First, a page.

The first time Mariam Mohamed heard of EWI, she was a new vendor at the Fenton Street Market in Silver Spring. She recalls the start of her career selling her crafts, “ I did not have much to sell, but just came out to meet people who love art and crafts like me.”

Through the Fenton Market, she met a representative of the Education Development Center, an international non-profit based in Washington, DC. Through her connection with EDC, Mariam discovered EWI. After reading about EWI’s program and work, she immediately fell in love with the organization and applied for the Entrepreneurial Training for Success.

Mariam followed up with EWI at an event hosted by the Muslim Community Center in Silver Spring, where she found that she was accepted into the program. Mariam recognized this as an incredible opportunity because she always found inspiration and support from a community of women. “Since my childhood, I always want to be close to my mother and learn what she was doing. She was multi-talented and I was able to develop interest in sewing. Like most Swahili women, she used to love Kanga cloth and my father used to tease her, by a nickname of Kanga Capitalist. That is what inspired my business idea.”

For a long time, Mariam wanted to share the cultural connection with the Kanga cloth, but could not find her target audience. Mariam said, “EWI’s program gave me the niche to start the conversation.” Mariam is deeply inspired by Kanga cloth, what she calls, “the cornerstone of the Swahili culture.” She even decided to incorporate this idea into her marketing strategy, naming her business Bahari Deco Crafts – Style the Swahili Way.

8551198665_b4811be64a_kUpon joining the ETS program at EWI, Mariam was recovering from severe food and pollen allergies. She had a variety of symptoms, from constant hunger to skin irritation. Even though her friends advised her to postpone the class, Mariam did not want to lose the opportunity. She was not in any pain, thereby choosing to continue with the class. The other women in the class were very supportive: “I was amazed how no one  ever made me feel bad because of my skin or my weak body.”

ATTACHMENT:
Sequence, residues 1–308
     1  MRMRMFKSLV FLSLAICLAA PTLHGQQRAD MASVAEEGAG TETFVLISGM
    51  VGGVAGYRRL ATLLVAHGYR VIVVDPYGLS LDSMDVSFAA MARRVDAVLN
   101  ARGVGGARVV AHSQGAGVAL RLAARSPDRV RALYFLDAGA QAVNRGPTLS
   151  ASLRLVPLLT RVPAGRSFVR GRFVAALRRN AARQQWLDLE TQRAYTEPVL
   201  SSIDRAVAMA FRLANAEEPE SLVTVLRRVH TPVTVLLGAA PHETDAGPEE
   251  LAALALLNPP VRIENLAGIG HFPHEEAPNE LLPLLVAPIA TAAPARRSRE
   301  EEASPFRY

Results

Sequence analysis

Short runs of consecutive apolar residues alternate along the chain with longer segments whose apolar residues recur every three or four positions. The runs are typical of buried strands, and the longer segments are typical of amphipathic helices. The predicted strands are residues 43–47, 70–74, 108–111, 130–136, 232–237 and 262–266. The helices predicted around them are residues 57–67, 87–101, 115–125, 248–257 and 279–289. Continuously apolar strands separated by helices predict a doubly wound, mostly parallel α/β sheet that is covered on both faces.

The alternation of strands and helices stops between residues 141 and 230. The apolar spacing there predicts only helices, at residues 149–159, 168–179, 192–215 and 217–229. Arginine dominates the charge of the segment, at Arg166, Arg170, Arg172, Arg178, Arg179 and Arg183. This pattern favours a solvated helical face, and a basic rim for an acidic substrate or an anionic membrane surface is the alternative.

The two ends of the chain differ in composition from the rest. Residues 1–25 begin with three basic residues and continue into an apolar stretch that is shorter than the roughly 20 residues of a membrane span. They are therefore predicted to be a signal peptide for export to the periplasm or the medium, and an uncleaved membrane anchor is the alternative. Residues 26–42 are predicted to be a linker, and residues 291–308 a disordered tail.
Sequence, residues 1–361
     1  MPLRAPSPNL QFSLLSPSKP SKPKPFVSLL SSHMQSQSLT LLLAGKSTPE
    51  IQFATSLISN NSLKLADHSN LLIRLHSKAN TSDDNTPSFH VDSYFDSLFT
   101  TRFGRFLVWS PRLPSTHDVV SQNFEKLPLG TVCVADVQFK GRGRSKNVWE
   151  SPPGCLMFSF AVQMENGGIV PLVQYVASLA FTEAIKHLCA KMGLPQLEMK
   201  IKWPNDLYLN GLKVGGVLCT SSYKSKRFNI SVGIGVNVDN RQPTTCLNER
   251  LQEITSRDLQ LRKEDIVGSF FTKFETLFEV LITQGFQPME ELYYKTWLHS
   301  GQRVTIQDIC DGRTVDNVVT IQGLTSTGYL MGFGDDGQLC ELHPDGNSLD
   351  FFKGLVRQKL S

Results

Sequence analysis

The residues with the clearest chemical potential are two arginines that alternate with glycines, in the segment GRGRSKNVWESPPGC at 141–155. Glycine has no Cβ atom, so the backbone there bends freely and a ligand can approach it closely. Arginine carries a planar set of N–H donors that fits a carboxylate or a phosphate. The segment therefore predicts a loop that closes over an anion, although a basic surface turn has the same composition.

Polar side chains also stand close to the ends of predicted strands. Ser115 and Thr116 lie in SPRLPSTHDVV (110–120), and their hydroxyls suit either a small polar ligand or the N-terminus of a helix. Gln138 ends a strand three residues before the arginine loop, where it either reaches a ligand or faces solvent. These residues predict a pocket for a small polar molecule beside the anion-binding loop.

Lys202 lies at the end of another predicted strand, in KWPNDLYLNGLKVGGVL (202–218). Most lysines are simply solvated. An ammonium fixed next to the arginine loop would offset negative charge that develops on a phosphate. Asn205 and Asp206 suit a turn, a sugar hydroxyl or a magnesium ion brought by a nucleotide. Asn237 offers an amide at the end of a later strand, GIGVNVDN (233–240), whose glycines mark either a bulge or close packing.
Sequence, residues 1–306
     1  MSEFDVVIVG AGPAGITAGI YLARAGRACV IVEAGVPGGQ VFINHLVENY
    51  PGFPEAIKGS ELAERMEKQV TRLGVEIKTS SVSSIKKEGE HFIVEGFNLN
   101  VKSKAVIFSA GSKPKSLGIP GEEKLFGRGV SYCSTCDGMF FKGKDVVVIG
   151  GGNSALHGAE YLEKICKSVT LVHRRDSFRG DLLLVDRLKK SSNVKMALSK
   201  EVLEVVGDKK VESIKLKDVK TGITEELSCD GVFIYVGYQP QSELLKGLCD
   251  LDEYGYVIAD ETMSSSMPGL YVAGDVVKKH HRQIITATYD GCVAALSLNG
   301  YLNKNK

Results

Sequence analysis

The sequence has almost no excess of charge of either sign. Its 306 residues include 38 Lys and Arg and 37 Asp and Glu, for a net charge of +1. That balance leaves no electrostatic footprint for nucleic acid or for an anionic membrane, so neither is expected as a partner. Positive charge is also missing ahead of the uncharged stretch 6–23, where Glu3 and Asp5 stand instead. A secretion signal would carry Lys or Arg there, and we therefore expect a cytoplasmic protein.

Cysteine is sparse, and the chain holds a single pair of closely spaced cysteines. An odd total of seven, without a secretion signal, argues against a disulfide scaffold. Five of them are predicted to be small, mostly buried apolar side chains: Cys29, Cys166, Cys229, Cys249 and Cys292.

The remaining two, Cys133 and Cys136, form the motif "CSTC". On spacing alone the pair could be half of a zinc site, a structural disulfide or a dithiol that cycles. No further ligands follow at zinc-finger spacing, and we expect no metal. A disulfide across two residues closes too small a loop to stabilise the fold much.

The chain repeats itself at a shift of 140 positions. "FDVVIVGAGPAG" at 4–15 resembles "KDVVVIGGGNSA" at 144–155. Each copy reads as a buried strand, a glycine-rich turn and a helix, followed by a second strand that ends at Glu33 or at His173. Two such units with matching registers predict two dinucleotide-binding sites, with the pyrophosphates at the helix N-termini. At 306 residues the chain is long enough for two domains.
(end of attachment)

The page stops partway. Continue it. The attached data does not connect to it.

Mariam was encouraged to apply to Grow my Business Program after completing ETS,  which she says “helped a lot to improve my products and services.” Throughout her experience at EWI, Mariam has glowing reviews of the support she received.

“I am very lucky to have Dianne Lorenz as my mentor. She is tireless when  imparting her knowledge and experience. She is also a good listener and considers herself a teacher and a student. She always asks ‘why did you choose to do it this way?’, instead of saying ‘I think you are doing it wrong.’ Likewise, our beloved trainer Sharmilla Karanchandani is a compassionate and encouraging person, full of skills and experience.”

Her advice to other aspiring women entrepreneurs is insightful and wise: “What I always like to share with other women who are pursuing their dreams, is to focus on perfecting their tools to achieve their dreams and surround themselves with people who can help them.” Mariam strongly believes in creating a supportive circle of loving friends and family around herself, as it helps to shield her business from negative attitudes.

Mariam was once asked by a friend, “Why are women so connected to EWI? They love each other so much. How did this happen? I am sure it was not by chance!”, to which Mariam replied with the example of putting cabochon (a gemstone) into a polishing machine for several days: the results are always good, in harmony, and no matter what, you are changed for the better.

Mariam Mohamed: “Always Good and In Harmony”
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